The commerce clause of the Constitution prohibits states from banning goods and services based on their state of origin. States are, however, free to regulate or outright ban certain goods and services – including coal and coal-fired electricity – as long as they don’t intentionally target other states, Percival said.

It is not yet clear who could be the target of a future coal dispute in Wyoming. Pearlman declined to speculate, saying Gordon and Attorney General Bridget Hill should consider their chances of success, but that they could include West Coast states, including, again, Washington.

Portland, Oregon-based utility PacifiCorp plans to cut coal production by two-thirds by 2030, in part by removing generators at two power plants in southwest Wyoming from 2023, up to five years earlier than expected just a few years ago. The utility serves four states with renewable energy standards or targets – California, Oregon, Utah, and Washington – and two more: Idaho and Wyoming.

PacifiCorp adhered to renewable standards by getting electricity from the cheapest and least risky sources, as it always has, so the standards did not take into account its decisions to phase out coal-fired power plants, company spokesman David Eskelsen said.

PacifiCorp does not have a position on the legal fund, but the Wyoming Rural Electric Association supports the message it sends to states such as Colorado, which has renewable energy standards and gets coal-fired electricity from the southeastern Wyoming, said executive director Shawn Taylor.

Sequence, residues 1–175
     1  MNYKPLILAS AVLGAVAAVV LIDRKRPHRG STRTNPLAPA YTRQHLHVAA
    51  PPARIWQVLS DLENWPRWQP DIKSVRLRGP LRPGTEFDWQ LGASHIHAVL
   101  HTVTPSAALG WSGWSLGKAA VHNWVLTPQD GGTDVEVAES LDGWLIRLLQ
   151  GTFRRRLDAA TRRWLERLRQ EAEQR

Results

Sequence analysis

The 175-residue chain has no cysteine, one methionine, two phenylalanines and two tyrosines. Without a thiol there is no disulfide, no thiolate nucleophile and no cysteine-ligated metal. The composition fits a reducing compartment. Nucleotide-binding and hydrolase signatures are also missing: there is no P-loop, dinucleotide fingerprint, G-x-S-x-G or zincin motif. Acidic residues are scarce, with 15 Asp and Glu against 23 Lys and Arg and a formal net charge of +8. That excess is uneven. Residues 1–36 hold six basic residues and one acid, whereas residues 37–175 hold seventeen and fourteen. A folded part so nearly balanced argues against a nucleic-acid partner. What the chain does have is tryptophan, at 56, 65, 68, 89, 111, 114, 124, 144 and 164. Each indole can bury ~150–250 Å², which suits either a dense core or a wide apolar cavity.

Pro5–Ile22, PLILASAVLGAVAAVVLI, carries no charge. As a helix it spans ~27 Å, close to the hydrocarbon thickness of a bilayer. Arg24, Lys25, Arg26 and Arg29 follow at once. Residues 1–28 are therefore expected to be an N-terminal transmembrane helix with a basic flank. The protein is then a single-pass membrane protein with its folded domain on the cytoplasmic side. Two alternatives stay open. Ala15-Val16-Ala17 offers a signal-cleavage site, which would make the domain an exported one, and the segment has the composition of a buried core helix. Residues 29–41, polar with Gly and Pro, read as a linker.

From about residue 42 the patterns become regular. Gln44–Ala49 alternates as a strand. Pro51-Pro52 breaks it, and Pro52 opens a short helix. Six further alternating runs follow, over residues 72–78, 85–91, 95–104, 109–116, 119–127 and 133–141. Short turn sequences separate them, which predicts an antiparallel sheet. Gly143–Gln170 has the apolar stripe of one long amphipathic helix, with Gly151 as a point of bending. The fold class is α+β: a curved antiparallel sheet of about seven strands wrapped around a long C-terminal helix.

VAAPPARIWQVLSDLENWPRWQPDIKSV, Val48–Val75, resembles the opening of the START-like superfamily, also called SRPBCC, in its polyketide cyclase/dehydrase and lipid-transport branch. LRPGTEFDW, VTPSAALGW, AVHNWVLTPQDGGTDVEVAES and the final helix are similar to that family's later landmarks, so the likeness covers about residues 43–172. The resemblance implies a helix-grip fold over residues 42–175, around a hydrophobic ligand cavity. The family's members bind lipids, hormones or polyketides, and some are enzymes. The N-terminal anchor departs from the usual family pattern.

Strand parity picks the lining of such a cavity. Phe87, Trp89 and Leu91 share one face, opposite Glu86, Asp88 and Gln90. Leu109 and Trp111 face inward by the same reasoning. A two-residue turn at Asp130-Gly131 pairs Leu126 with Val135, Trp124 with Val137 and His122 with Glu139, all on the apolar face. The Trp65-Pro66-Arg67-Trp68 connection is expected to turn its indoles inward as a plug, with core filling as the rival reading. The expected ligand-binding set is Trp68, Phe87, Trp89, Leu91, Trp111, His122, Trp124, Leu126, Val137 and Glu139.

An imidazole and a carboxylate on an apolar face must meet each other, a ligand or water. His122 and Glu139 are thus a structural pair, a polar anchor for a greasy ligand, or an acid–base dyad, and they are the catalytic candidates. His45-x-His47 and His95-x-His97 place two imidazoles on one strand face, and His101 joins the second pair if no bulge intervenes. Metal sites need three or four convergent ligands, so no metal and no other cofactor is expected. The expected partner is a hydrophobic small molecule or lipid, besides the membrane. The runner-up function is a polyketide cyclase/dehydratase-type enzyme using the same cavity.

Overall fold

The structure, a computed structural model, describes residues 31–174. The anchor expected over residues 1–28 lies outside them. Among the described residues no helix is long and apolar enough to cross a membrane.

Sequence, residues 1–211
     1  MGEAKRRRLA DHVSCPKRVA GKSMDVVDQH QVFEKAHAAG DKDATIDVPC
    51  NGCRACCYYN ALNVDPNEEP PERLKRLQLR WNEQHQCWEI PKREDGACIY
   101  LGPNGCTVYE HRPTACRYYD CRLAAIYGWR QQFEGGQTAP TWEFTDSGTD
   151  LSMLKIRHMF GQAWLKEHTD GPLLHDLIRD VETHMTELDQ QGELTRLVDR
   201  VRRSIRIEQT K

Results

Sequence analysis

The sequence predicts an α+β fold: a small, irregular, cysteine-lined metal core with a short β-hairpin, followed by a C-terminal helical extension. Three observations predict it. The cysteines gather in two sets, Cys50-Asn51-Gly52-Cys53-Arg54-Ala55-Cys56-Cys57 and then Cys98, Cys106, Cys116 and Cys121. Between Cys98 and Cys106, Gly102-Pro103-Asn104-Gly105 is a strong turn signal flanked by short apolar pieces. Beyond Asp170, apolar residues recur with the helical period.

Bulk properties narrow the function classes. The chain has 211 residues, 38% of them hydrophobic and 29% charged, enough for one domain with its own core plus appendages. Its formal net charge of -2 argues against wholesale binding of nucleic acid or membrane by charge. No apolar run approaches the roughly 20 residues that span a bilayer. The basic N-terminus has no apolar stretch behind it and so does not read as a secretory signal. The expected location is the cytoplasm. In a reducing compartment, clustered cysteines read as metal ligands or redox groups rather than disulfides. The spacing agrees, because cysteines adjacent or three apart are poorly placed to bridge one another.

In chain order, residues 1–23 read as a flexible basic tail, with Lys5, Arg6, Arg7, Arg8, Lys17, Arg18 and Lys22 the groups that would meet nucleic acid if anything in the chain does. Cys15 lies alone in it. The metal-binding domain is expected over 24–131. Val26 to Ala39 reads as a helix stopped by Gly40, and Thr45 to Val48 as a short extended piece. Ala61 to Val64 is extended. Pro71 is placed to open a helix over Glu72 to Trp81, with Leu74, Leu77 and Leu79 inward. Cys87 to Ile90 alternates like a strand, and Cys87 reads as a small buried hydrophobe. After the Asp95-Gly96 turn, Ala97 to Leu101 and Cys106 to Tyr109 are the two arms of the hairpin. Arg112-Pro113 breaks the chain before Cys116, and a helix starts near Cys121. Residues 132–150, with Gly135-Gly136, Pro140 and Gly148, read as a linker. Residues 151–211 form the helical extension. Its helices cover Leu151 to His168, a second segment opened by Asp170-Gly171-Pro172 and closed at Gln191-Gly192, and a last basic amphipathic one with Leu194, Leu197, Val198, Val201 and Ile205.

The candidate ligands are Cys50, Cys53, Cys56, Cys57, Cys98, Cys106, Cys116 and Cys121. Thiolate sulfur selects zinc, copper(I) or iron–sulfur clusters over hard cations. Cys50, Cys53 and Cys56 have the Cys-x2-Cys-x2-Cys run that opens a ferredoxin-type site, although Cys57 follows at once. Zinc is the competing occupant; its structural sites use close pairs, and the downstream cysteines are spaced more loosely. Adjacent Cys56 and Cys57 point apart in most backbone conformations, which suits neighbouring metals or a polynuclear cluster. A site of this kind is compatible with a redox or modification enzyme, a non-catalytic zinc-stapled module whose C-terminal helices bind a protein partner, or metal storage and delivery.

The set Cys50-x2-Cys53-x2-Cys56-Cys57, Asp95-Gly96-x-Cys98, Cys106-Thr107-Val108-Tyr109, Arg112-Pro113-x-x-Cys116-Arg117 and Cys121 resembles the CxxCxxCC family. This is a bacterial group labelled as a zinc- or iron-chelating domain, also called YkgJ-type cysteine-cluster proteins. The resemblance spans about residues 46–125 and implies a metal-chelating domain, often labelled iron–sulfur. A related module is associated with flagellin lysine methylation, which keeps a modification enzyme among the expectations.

“It’s just an integral part of people’s feeling that states and state agencies and entities outside of Wyoming have more of an impact on our energy resources than we do,” Taylor said.

The Coal Litigation Fund followed a 2020 bill establishing a $ 1 million fund to promote Wyoming coal. Wyoming is giving a nonprofit, the Energy Policy Network, $ 250,000 a year from the fund to challenge plans by other states to shut down coal-fired power.

“I will not falter in my efforts to protect our industries, especially our coal industry. The use of coal is under attack from all sides. And we have been steadfast in our support throughout, ”Gordon said in his state of play address in March.

He called on Wyoming to be carbon negative – capturing more greenhouse gases from carbon dioxide than it emits – by investing in technology and infrastructure to trap carbon dioxide in power plants and keep the gas out of the atmosphere.

Carbon capture remains economically unproven on the scale needed to significantly reduce current carbon dioxide emissions. However, Wyoming has funded research on the technology, including $ 10 million in a newly approved bill that slashed Wyoming’s budget by more than 10% due to low revenue from it. the extraction of oil, gas and coal.

Connie Wilbert, director of the Wyoming chapter of the Sierra Club, said the state should use its tight budget for more productive use than the coal lawsuit.

“Coal is on the way out,” Wilbert said. “The sooner our elected leaders recognize this and start looking for things the state can do to help us through the transition, the better.”